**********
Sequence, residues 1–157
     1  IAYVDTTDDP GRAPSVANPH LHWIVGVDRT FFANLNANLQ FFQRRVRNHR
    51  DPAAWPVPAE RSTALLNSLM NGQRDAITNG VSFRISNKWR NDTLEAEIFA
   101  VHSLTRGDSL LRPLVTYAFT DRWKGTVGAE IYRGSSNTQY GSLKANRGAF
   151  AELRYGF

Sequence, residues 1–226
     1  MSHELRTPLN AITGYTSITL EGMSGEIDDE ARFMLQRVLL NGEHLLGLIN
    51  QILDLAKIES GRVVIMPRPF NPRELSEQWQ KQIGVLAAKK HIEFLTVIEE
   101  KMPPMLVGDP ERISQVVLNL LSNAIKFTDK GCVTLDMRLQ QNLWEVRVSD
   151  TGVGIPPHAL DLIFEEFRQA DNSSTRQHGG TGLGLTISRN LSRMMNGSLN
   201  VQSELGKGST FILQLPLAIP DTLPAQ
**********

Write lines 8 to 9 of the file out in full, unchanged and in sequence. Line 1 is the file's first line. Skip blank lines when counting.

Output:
    51  QILDLAKIES GRVVIMPRPF NPRELSEQWQ KQIGVLAAKK HIEFLTVIEE
   101  KMPPMLVGDP ERISQVVLNL LSNAIKFTDK GCVTLDMRLQ QNLWEVRVSD